Matsyasana Pose: Divine Swim

Is it the binding of Isaac? No. But there is a quality…

Is it a binding of any kind? Perhaps.

Is place of perceived vulnerability? Yes.

On your mat, in Matsyasana (Fish Pose), you are in an unusual place—heart raised, crown of the head down, throat exposed, legs long and strong. It is a pose of supplication, of reverence. If you add your hands in prayer at the heart, you take the prayer higher.

It’s stunning if you think about it—in our click-instant world—to put everything down, lie back and lift your heart to the sky!

We move through these poses without thinking about their power, but the shapes resonate for each of us differently and it is this “embodied breathing” that makes us strong practitioners as well as present, sentient beings . With the crown of the head down in Matsyasana, your thoughts release and you can give up… Your neck is arched backward—this is a profound action because we live the opposite way. We talk, talk, text, text (heads bent, always bent now) feed, feed, go, go… but here, in Matsyasana, we speak soundlessly through our bodies.

A pose of devotional silence then—throat and voice on hold. Is this the bind? The intelligence of binding in that movement is restricted to make more space for deeper movement and engagement. Think: Seated Spinal Twist. As you draw your belly inward toward your spine you create more space for the twist, more length in your spine, thus more backward gazing: Where did I come from? Where have I been today?

Matsyasana is like Matsyendrasana in this way. It’s a pose that asking for and from you. Not to think, but to be, to see: Warriors are heady… Balance is largely mental… But backbends and twists change that all up, and that’s why they are usually done at the end of the practice, often before inversions. Raise that heart up, let go(!) and love.

Matsyasana, in particular, is special because it’s typically offered after Shoulderstand to counter the potential rounding action of the cervical spine. It’s a spiritual intermission of spiritual intensity. Shoulderstand reintegrates the body in an upside down form. Shoulderstand is spiritual work; it’s hard to stand on your shoulders physically and mentally because it’s really hard to sync body and mind…

Once you come down, unshouldering your burden, you slowly swim backward into Fish. This is not hard—it’s a release, but you have to see it that way. Matsyasana is deep dive up into love. Again, deeper movement, deeper engagement. Perhaps you can strengthen the abdominals and lift your legs, or cross the legs into Lotus… Perhaps. But no matter the variation—sing your silent song to whoever/whatever is divine for you.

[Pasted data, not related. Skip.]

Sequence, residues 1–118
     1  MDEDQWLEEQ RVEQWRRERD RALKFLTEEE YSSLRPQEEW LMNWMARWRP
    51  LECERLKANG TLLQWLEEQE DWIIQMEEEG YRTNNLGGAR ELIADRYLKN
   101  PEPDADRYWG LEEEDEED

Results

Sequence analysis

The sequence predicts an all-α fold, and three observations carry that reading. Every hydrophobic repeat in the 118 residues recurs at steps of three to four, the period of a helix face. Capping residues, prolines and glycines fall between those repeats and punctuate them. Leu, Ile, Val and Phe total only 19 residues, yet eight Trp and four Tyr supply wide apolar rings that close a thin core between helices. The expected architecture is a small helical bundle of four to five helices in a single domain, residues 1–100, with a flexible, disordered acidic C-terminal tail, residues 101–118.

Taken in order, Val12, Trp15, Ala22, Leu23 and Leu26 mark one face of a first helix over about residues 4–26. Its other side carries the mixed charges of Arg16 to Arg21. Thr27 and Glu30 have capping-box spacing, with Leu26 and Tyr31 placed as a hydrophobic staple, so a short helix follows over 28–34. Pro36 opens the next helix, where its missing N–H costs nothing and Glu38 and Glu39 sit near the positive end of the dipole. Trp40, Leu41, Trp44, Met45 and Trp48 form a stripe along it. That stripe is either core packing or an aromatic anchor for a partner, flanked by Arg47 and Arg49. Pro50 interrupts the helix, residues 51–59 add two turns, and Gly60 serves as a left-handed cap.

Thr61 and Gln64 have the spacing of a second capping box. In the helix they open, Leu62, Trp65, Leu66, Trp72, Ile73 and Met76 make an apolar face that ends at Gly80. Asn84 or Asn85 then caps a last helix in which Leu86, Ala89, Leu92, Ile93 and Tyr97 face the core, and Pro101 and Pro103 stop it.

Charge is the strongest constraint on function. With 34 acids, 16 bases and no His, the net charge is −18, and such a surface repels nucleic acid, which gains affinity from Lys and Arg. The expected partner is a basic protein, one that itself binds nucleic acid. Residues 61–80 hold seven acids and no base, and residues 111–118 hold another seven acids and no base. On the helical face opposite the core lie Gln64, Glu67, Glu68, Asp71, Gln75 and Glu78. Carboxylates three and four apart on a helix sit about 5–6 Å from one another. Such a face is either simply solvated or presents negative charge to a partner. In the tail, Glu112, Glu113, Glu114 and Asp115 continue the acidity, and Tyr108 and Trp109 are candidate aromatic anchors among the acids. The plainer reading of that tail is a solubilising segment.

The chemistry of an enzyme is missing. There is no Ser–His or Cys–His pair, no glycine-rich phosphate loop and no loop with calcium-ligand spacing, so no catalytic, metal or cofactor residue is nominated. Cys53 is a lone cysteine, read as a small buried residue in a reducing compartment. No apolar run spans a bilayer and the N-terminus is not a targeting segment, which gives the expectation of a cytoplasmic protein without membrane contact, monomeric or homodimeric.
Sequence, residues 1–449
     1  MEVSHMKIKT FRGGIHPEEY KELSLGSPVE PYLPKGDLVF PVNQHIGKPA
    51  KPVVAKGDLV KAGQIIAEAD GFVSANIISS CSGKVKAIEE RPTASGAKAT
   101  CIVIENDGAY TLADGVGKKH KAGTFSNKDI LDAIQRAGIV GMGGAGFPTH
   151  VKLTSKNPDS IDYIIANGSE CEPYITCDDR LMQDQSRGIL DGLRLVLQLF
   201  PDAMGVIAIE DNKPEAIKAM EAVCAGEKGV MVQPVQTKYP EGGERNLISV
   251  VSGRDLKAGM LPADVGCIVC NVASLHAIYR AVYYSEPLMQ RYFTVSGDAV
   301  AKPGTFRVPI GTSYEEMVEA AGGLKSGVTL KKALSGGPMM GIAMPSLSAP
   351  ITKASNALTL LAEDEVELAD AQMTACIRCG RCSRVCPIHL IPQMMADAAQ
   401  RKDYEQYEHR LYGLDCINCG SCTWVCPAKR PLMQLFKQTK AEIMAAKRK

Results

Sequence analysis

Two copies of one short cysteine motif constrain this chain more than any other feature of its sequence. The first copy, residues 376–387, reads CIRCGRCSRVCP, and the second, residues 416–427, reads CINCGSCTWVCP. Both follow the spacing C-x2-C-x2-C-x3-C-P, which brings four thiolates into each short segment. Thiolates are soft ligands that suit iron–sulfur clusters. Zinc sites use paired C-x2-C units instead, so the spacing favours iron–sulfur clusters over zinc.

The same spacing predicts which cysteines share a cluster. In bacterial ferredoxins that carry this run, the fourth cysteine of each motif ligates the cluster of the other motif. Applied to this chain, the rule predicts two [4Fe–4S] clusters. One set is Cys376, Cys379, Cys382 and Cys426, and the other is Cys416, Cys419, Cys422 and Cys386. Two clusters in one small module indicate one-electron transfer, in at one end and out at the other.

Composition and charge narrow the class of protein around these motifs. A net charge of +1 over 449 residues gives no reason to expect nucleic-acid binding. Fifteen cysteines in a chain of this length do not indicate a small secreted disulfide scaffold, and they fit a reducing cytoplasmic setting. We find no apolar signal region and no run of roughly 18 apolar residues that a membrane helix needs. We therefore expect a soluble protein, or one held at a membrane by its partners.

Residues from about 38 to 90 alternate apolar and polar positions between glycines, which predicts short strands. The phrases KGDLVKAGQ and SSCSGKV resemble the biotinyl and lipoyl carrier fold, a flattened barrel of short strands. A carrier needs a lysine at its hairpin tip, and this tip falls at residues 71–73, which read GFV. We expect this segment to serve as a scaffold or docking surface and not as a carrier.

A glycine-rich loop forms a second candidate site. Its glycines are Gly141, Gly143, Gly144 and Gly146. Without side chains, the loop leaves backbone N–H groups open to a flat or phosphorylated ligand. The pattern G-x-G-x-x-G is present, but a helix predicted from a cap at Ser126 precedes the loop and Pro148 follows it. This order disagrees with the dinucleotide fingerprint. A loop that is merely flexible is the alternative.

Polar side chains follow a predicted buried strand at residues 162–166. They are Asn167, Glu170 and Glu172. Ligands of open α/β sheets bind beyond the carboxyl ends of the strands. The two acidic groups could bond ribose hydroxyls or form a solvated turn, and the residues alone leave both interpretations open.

“If you’ve just taken shoulder stand, you can take Fish Pose…” is what we usually hear in class—like a passing suggestion, and perhaps this is the point: to wriggle into your own fish form if you desire it. The inversion is done, the mind is free—we can now lift our hearts without interference from the mental engine. We can be here—glistening, shining, swimming—and yes, wonderfully vulnerable, bound together in a school of prayer.

 

Kathleen Kraft is a poet and yoga teacher. She was born and raised in New York City and made the move across the Hudson several years ago to Jersey City. She has been nominated twice for the Pushcart Prize, and her chapbook Fairview Road is forthcoming in December from Finishing Line Press. This is the third in her series exploring her favorite poses.  To read the first, click here; the second, click here

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4 comments

  1. Salute. Your piece sparked a memory of a class in which the teacher, working with seniors, the youngest being in their seventies, and a directive to “move your dorsal fin in” which created a huge heart opening for everyone in the room in their modified matsyasana. My mother is so much stronger for it and I am so grateful.

    Many thanks for your work, its a wonderful de and re construction!

  2. Wow, thanks for your lovely comment, eariggle! What a great cue, and so relevant to my work right now because I am working with seniors and that is good visual especially for folks in wheelchairs. A “hearty” salute to you and your mom! Feel free to friend me on facebook: Kathleen Kraft or connect on Twitter: @kathleen_kraft
    Namaste.

  3. Reblogged this on KK Yoga.

  4. […] Kathleen Kraft is a poet and yoga teacher. She was born and raised in New York City and made the move across the Hudson several years ago to Jersey City. She has been nominated twice for the Pushcart Prize, and her chapbook Fairview Road is forthcoming in December from Finishing Line Press. This is the third in her series exploring her favorite poses.  To read the first, click here; the second, click here; and the third, click here. […]

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